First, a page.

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20 May

It’s important to find a home. I’m not referring to a domicile here, but a larger area – a city or region perhaps – somewhere in this great big world of ours that resonates with you. A place where the air, the light, smells and sounds, the energy just feels…right. Like, somehow just the place alone manages to fill you with inspiration each and every day. It’s not a sensation you can easily describe or exactly put your finger on but when you experience it you just know. And when you’re away from it, you miss it deep down to your bones. Do you know the feeling I’m talking about? Do you have a home?

 

It took me moving away from my home to realize that’s what it was and understand why it’s so vital to find it.

 

I grew up in Oregon – moved there from Washington state when I was still learning to toddle and stayed through college and a few years beyond. Until almost two years ago, I had always felt this urge to move elsewhere – no real reason why other than to experience something different. I guess secretly I was hoping to find my place in the world – up to that point, I had felt a bit lost, like something was missing. So, I packed my bags and headed south from Portland, Oregon to San Francisco, California.

 

The cities are comparable in their overall vibe – in general the residents hold similar beliefs, the basic way of life is laid back and informal overall. There are many unique and amazing things about the bay area, from the artistic and entrepreneurial spirit to the natural landscape and surroundings. I do so love the light here – there’s just something magical, soft, and permeating about it. The residents – mostly imports like me – are a friendly lot, helpful and eager to lend an ear or dispense advice. There is a bounty of beautiful food available all year round. Yet despite all of these remarkable attributes, I simply don’t feel at home. At the end of the day, my soul doesn’t feel moved. I don’t feel that spark of life day in and day out that provides a sustained and overflowing sense of comfort and happiness. I’m baffled as to why I’m left lacking, but…I am.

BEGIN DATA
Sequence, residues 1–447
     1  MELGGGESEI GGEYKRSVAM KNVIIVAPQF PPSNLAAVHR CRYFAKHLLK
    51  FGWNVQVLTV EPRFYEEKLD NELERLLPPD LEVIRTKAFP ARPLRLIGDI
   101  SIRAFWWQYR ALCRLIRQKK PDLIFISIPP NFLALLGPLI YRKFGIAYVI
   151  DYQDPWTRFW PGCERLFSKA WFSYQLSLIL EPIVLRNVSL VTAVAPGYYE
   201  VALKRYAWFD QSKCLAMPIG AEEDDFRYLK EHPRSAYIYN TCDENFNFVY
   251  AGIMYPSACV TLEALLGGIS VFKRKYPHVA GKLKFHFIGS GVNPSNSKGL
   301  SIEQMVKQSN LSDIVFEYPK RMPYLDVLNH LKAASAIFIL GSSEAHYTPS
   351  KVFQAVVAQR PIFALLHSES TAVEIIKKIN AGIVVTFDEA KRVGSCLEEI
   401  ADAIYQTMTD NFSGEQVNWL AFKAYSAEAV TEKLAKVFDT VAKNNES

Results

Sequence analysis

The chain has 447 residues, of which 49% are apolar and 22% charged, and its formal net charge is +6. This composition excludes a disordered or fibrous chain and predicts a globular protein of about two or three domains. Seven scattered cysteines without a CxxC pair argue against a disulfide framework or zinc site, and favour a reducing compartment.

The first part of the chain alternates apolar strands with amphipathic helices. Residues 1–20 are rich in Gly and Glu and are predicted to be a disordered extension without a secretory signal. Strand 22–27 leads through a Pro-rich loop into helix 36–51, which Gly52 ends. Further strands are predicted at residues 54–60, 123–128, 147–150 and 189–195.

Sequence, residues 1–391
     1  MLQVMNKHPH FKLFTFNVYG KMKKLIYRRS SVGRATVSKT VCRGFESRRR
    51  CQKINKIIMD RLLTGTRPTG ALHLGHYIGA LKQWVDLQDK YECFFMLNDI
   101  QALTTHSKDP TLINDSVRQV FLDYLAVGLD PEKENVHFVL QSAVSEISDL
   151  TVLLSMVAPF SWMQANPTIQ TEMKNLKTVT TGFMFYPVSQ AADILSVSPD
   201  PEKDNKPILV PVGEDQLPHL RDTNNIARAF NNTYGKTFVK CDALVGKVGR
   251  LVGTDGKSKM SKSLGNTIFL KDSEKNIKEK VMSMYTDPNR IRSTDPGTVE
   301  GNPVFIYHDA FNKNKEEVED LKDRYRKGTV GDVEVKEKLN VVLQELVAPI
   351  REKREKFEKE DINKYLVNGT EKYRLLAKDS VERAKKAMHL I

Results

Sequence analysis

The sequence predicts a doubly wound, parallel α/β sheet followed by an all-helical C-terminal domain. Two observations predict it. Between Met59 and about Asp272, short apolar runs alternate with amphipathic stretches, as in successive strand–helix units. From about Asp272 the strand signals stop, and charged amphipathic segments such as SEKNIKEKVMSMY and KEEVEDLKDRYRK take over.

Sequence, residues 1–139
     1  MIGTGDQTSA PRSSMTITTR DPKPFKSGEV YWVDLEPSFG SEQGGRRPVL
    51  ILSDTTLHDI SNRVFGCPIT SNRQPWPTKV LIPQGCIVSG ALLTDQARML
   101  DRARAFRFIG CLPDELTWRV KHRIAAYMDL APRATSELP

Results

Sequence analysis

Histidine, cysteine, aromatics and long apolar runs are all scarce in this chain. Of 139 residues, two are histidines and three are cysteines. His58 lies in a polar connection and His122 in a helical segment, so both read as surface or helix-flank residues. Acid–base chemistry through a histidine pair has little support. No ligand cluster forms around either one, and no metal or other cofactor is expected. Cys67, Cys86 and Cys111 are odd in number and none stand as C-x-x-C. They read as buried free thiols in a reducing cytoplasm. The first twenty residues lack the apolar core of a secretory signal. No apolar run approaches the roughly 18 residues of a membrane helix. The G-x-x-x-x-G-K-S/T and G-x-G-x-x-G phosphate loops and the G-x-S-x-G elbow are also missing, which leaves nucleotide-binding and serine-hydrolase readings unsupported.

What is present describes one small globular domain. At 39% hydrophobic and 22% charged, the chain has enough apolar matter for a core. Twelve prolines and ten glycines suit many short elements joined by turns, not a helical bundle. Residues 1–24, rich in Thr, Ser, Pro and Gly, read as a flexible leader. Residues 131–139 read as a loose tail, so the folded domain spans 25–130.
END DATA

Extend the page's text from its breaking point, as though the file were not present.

Over the course of the past two years, I’ve made several trips back to the Pacific Northwest. Each and every one of those journeys has helped to solidify the fact that for me, Oregon is home. I take off in SFO and as the plane makes its descent into PDX, I peer out the portal window and immediately feel the tears flow as I let my emotions overtake me – my heart fills with joy at the sight of the green trees, the wide river, the mountains, the city skyline. I’m not outside yet but I can feel the chill of the air, I can smell the rain. It feels alive – I feel alive. The beauty of air travel in this situation is that in the span of two hours, I am transported from my current residence to my former state, providing a unique opportunity to compare and contrast the two areas and how I feel in and about each. Every time it’s inspiration in Oregon.

 

Maybe this concept of home isn’t important to everyone. I’m sure there are some who don’t even give it a passing thought. But I was talking with a friend recently who said she had never felt that sense of place and that she was envious of those who had. I’m not currently residing in my home, but I am comforted knowing that I have finally discovered where home is for me. I’m the type of person who is deeply impacted by her surroundings, so I think I would feel lost if I went my entire life not having a place that provides me comfort, hope, and inspiration. I left Oregon to find that place…and I did – it’s right where I left it.

 

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Posted by on 20.May.2012 in Uncategorized

 

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